Having estimates of the fish production from oyster habitat well documented and available, if only for a small region given the global distribution of biogenic bivalve habitats, provides the ability to influence fisheries management in two important ways. It provides the logic for fundamentally changing the paradigm for managing the fishery, based on consideration of the multiple stakeholder groups impacted by changes in the level of services provided by bivalve habitats, in addition to harvest. It also introduces the option of including bivalve habitat in the management considerations for the finfish and large crustacean species supported by those habitats, in a truly Ecosystem Based Fishery Management (EBFM) scenario.

Ecosystem based fisheries management has been a goal for many fisheries managers for many years and has been adopted to various extents by most fisheries management agencies worldwide (e.g. Fletcher et al. 2010). Most management agencies also recognize that there is still a long way to go, in order to approach comprehensive EBFM (Berkes 2012). Developing habitat specific fish production measures for oyster habitat has generated interest in developing similar measures for multiple essential fish habitats. Analogous measures are currently available from seagrass in southern Australia (Blandon and zu Ermgassen 2014) and shrimp from seagrass in Queensland, Australia (Watson et al. 1993). The development of models to estimate the fish and large crustacean production are currently underway for salt marsh and seagrass habitats from the US and from mangrove habitat globally (Hancock and zu Ermgassen, personal communication). The US studies of fish production from salt marsh and seagrass habitats include provision for engaging the fisheries management community in considering how measures of fish production from habitat can be included in fisheries management decisions (NOAA, National Marine Fisheries Service, personal communication), a potentially productive direction for the development of EBFM.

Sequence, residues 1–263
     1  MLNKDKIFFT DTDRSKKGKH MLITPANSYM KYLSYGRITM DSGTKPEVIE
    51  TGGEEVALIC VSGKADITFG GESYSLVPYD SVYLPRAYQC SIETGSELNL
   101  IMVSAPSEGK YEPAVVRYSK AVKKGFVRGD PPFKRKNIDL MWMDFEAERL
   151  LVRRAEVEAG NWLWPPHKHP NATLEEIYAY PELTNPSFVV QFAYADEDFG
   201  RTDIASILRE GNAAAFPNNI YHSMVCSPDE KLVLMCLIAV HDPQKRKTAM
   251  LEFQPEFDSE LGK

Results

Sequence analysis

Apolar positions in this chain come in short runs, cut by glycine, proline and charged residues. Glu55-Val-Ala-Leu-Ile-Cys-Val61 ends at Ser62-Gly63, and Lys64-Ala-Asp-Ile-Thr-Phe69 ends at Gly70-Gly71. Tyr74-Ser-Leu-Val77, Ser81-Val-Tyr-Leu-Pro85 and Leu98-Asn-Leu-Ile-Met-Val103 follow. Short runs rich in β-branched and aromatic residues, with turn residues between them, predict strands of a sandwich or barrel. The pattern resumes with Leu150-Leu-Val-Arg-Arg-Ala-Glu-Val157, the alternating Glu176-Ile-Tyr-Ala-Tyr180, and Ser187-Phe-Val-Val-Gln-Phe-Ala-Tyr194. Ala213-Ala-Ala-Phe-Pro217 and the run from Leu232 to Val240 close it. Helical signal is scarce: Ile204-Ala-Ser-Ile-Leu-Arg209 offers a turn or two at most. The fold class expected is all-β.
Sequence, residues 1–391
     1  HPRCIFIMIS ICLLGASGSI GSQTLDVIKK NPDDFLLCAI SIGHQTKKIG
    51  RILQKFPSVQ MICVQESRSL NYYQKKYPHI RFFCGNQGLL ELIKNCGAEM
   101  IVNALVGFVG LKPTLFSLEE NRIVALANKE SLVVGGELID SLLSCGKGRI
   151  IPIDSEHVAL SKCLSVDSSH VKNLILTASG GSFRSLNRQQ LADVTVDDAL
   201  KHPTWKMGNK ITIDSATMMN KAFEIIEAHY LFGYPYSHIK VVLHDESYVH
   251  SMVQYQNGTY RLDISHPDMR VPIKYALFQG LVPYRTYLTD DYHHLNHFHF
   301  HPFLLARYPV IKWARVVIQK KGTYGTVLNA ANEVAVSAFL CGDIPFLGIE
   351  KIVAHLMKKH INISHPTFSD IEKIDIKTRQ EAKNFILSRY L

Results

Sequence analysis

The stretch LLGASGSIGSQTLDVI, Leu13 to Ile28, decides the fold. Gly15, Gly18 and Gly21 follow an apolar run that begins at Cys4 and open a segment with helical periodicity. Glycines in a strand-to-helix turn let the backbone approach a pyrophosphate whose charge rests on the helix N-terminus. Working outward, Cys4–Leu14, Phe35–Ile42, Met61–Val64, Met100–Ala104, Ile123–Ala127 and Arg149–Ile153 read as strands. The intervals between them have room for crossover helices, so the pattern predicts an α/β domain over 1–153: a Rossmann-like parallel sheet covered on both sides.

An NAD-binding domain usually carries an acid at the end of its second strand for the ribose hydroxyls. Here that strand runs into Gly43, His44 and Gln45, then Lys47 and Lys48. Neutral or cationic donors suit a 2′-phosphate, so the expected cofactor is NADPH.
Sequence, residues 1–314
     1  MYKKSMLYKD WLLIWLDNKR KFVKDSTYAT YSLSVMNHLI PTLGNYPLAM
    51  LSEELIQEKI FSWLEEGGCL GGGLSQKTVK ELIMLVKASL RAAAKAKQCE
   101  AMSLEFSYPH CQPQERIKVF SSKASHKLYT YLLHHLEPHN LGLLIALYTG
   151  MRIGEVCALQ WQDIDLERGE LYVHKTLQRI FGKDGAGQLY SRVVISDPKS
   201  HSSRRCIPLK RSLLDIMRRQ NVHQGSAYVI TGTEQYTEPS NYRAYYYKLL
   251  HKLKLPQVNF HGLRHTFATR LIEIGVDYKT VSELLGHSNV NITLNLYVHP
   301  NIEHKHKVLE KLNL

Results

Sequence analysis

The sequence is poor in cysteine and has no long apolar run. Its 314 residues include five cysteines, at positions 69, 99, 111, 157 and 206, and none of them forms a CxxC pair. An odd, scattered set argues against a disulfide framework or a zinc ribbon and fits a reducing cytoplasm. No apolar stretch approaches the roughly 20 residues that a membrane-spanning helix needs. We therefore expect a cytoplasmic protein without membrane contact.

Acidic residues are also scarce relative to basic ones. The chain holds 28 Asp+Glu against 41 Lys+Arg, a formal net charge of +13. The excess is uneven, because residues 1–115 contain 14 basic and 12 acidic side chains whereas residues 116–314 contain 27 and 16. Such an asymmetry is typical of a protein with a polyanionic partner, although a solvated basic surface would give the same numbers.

1. 1.

    A definition of ‘reef’, and ‘biogenic structure’ are given in Appendix 1 of the Natura2000 Marine documents at

    Bivalve reefs are alternatively referred to as shellfish reefs in many publications.



The authors are grateful to Dr. B. Walles and an anonymous reviewer for their constructive comments on the manuscript.


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Authors and Affiliations

  1. 1.The Nature ConservancyURI Graduate School of OceanographyNarragansettUSA
  2. 2.Changing Oceans Group, School of GeosciencesUniversity of Edinburgh, Grant InstituteEdinburghUK